Petrograd was renamed Leningrad five days after Lenin’s death. In 1991, its name was reverted to the one it had in the Russian Empire – Saint Petersburg (Санкт-Петербург).
Petrograd was renamed Leningrad on this day in 1924. This occurred only five days after Lenin’s death, and was in line with the communist tendency of naming cities after their leaders (other examples include Ho Chi Minh City, and the former Stalingrad). The name was changed only in 1991, when the city was renamed Saint Petersburg.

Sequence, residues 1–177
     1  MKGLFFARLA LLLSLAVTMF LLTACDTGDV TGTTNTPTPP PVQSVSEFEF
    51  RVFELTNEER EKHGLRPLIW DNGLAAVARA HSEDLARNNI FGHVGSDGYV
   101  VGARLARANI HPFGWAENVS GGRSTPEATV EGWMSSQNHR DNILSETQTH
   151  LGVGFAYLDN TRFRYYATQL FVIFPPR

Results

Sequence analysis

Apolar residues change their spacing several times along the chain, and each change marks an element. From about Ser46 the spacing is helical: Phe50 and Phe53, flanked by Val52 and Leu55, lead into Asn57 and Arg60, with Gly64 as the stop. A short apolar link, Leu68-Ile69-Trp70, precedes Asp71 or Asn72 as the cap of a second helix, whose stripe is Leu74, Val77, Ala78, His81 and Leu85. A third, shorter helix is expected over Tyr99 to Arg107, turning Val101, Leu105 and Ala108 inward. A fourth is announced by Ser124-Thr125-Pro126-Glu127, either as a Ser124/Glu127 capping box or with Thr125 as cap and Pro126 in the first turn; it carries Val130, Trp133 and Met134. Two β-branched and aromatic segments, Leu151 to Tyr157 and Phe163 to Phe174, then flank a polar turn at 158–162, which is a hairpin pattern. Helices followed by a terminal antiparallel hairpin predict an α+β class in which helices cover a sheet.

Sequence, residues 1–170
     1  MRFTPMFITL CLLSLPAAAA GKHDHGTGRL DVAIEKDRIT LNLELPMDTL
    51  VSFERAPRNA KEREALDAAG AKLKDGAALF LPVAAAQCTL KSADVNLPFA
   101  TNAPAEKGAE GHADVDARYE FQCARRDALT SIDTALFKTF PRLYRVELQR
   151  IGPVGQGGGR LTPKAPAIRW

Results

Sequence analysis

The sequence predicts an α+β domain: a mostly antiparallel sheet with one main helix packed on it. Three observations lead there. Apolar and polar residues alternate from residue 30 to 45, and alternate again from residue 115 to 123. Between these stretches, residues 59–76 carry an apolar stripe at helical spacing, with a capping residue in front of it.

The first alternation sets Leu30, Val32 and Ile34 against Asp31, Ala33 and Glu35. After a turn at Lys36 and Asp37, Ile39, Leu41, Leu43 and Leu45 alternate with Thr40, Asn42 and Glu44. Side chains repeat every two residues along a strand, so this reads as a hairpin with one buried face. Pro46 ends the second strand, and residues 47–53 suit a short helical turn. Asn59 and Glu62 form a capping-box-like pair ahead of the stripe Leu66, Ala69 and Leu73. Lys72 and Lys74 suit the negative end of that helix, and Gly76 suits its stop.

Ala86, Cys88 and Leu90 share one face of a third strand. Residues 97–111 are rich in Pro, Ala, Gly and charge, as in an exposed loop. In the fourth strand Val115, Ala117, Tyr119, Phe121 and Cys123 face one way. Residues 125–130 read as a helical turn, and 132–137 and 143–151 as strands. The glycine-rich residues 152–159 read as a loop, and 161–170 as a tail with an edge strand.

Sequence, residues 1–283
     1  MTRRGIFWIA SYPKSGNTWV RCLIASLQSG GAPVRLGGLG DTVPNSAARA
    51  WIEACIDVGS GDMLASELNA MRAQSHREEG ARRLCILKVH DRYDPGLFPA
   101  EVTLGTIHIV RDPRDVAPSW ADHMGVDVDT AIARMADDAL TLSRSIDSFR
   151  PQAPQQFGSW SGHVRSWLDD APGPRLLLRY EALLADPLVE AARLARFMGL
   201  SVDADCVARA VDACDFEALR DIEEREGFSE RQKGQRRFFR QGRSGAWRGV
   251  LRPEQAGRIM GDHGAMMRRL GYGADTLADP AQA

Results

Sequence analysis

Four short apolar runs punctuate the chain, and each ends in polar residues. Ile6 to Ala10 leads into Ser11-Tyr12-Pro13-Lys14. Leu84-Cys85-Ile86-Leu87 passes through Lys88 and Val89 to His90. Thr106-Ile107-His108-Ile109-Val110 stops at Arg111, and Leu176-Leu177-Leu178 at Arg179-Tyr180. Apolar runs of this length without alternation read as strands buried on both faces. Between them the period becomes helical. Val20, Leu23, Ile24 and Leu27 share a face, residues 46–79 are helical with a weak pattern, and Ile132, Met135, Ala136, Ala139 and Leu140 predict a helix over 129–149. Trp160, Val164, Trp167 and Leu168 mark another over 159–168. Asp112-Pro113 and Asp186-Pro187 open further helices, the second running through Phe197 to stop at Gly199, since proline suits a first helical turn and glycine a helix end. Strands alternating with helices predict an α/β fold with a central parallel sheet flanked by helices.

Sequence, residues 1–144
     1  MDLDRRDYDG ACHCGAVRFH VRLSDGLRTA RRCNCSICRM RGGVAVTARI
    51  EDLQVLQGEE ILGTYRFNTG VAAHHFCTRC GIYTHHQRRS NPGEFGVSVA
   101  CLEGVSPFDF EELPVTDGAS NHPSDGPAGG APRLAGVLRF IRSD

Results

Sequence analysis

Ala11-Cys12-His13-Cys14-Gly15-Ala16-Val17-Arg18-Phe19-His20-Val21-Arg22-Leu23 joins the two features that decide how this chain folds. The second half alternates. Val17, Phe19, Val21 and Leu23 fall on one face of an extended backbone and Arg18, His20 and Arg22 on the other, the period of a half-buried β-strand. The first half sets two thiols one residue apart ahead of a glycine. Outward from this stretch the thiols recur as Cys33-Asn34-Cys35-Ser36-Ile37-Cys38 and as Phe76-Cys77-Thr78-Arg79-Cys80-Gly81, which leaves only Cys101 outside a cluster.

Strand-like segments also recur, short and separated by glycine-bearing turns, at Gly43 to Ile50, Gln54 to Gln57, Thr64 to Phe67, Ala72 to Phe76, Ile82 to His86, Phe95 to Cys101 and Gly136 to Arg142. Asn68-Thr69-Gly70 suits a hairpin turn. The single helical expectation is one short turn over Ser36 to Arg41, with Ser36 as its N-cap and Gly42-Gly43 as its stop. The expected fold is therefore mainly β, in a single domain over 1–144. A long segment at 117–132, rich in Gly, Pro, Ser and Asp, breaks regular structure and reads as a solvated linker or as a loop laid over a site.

It is interesting to examine the history of the city’s name. When the city was founded at the time of Peter the Great in 1793, the name was written as Sankt-Piter-Burh (Санкт-Питер-Бурх), but was later changed to Sankt-Petersburh (Санкт-Петерсбурх), and finally to Sankt-Peterburg (Санкт-Петербург, anglicized as Saint Petersburg). In 1914 the city was renamed Petrograd (Петроград), which was actually the Russian variant of its former name. As was mentioned, on this day in 1924 the city was renamed Leningrad, while the name it had in the Russian Empire was restored in 1991.
Saint Petersburg was the capital of Russia from 1712 until 1918, i.e. for over 200 years. Moscow was the capital before and after that time.